Tyler Wideman looks for the open pass during the Butler loss against Seton Hall on Jan. 6. Butler is 3-4 in Big East play. Collegian file photo.
JOSH MULLENIX | STAFF REPORTER | firstname.lastname@example.org
Who: Butler vs. DePaul
When: Jan 20, 2 p.m.
Where: Wintrust Arena, Chicago, Illinois
How to Watch: FS1
After a road loss at Providence, the Butler men’s basketball team sits in seventh in the Big East conference with a record of 3-4. Butler heads down the road to Chicago to face the DePaul Blue Demons who are 1-6 in conference play. Both teams have hit a dry spell, losing four of their last five games. Here’s what you need to know as the Bulldogs try to return to their winning way in the Windy City.
Take advantage and get a road win.
There won’t be many games during conference play when Butler is favored on the road. The Big East is just too good this year for that to happen on a regular basis. However, Saturday will be one of those rare cases. The Blue Demons have struggled mightily in conference play and Butler outclasses them at most positions on the floor. Butler needs to get back on the right path and doing that on the road will add even more momentum as they return to Hinkle Fieldhouse for their next competition against St. John’s. Butler gave one up inside Hinkle, now it’s time to even the score and get one on the road.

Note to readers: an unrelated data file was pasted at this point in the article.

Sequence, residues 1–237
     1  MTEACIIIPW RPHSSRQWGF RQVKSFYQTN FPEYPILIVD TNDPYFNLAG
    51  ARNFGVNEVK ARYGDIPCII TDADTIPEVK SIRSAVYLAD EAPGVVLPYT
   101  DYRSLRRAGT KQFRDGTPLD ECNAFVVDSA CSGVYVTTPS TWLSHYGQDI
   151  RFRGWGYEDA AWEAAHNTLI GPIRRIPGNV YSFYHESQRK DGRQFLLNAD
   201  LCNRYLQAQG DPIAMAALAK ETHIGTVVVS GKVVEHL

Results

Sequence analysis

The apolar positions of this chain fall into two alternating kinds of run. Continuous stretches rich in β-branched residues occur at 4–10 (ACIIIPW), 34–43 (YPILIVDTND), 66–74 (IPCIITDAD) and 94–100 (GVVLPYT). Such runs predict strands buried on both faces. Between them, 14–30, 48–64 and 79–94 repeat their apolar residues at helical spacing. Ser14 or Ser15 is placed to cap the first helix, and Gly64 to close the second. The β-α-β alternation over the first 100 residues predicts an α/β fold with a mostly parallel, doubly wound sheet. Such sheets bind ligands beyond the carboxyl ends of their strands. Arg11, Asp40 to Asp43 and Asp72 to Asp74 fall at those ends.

Limit DePaul’s balanced attack
While the Blue Demons rank in the bottom half in the country in scoring, they bring a balanced offensive attack to the table. DePaul has four scorers in double figures led by junior guard Max Strus who is averaging 18 points and five rebounds a game. Eli Cain is also scoring in double figures for the Demons. The last time the Bulldogs were on the road at DePaul, Cain scored 32 points and went 6-of-11 from the three-point line. He backed up that performance with 24 points inside Hinkle Fieldhouse. Cain has a knack for putting up numbers against the Bulldogs.
An efficient Kelan Martin equals an efficient Butler team
This is not a secret, but has been blatantly obvious after the last two contests. Martin went from a career-high, 37-point game to a six-point game on 3-of-14 shooting. It took him only 17 shots to get 37 points and on a similar note the Bulldogs shot 60 percent as a team from the field. On the opposite end of the spectrum, the Bulldogs shot just under 35 percent when Martin struggled against Providence. The offensive efficiency begins and ends with Martin. His success opens up the floor for every other Butler scorer on the offensive end.